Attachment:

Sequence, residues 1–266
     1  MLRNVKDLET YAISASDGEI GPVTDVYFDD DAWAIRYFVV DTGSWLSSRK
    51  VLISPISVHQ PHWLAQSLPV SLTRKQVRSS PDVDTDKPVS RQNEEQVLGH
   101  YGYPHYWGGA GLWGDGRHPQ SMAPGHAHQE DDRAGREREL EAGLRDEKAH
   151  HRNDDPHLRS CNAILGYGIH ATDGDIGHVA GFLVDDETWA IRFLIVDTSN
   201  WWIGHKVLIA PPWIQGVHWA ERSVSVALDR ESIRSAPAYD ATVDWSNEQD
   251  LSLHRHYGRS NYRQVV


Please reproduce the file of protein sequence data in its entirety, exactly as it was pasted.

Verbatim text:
Sequence, residues 1–266
     1  MLRNVKDLET YAISASDGEI GPVTDVYFDD DAWAIRYFVV DTGSWLSSRK
    51  VLISPISVHQ PHWLAQSLPV SLTRKQVRSS PDVDTDKPVS RQNEEQVLGH
   101  YGYPHYWGGA GLWGDGRHPQ SMAPGHAHQE DDRAGREREL EAGLRDEKAH
   151  HRNDDPHLRS CNAILGYGIH ATDGDIGHVA GFLVDDETWA IRFLIVDTSN
   201  WWIGHKVLIA PPWIQGVHWA ERSVSVALDR ESIRSAPAYD ATVDWSNEQD
   251  LSLHRHYGRS NYRQVV